What factors are we talking about? We’re talking about pollution, certain diet issues such as a high-fat and a high sugar diet and certain medications might trigger a change in your hair color as well. Also, if you swim in a chlorinated pool the chlorine in the water can boost brassiness and, lastly if your hair
is exposed to an excessive amount of sun or smoke, these could be a problem as well. Just as long as you use these products once or twice per week, you should be good to go.
Do’s and Don’ts of using blue shampoo
With all of the above said, don’t just jump into using blue shampoo. You might end up using it wrong. It all depends on the natural color of your hair.
If you’re a brunette naturally or you tend to use brown shade dye (it can range from very light brown all the way to ultra-dark brown), you are at high risk of developing orange-colored hair. At the least, there will be reddish hues or strands in your hair.
Unless you want to look like a clown, this is usually not a good idea. Reddish or orange hues in a bright palate is not usually preferred by most people. How does this happen?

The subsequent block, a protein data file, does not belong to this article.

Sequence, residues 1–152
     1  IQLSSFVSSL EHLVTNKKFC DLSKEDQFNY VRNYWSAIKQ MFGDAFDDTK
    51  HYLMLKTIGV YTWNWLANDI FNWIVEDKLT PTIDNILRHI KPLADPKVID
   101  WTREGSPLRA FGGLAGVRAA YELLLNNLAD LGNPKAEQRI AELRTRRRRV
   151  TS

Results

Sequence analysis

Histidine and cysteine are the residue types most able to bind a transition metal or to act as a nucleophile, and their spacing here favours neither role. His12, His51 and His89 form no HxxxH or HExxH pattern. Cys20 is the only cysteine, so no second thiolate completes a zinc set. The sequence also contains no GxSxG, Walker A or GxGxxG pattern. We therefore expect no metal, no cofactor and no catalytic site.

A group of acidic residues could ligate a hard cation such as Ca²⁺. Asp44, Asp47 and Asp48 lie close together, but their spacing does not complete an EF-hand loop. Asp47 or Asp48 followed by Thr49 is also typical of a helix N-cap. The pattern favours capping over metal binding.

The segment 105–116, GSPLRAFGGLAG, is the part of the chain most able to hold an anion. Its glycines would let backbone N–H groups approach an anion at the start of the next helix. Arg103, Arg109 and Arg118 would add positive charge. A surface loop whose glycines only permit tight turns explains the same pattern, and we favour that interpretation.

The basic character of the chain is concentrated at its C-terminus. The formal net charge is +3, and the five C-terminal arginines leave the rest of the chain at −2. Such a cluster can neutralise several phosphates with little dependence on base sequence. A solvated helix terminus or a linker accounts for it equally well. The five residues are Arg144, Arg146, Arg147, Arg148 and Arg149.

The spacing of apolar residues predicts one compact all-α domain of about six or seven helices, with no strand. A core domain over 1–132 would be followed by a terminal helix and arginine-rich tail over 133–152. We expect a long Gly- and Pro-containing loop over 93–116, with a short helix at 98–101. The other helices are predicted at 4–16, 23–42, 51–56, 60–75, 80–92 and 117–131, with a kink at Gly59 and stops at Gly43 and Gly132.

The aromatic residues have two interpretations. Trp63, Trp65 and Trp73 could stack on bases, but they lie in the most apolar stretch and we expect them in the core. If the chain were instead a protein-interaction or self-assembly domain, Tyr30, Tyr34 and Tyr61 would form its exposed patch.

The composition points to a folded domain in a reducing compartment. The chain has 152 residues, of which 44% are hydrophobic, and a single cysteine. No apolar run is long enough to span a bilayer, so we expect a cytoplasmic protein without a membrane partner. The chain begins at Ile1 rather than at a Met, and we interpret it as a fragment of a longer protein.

If you’re exposed to a lot of sun and you dye your hair quite a bit, this can be a problem. Also, if you tend to wash your hair a lot, a lot of the darker pigments in your hair color tend to go first. So, what’s left produces red or orange tones.
Blue shampoo can help deal with this because it tones the brassiness and offsets the orange or reddish color. The problem is overuse because there is such a thing as too much of a good thing. If you overuse blue shampoo, you’re not going to get the benefits that you bought it for.
For example, if you go over 2 uses per week, this is going to be an issue. Also, if you leave it on your hair for much longer than recommended, you may develop problems. How long should you keep the blue shampoo on your hair? Maybe 2 minutes maximum.
Don’t overuse blue shampoo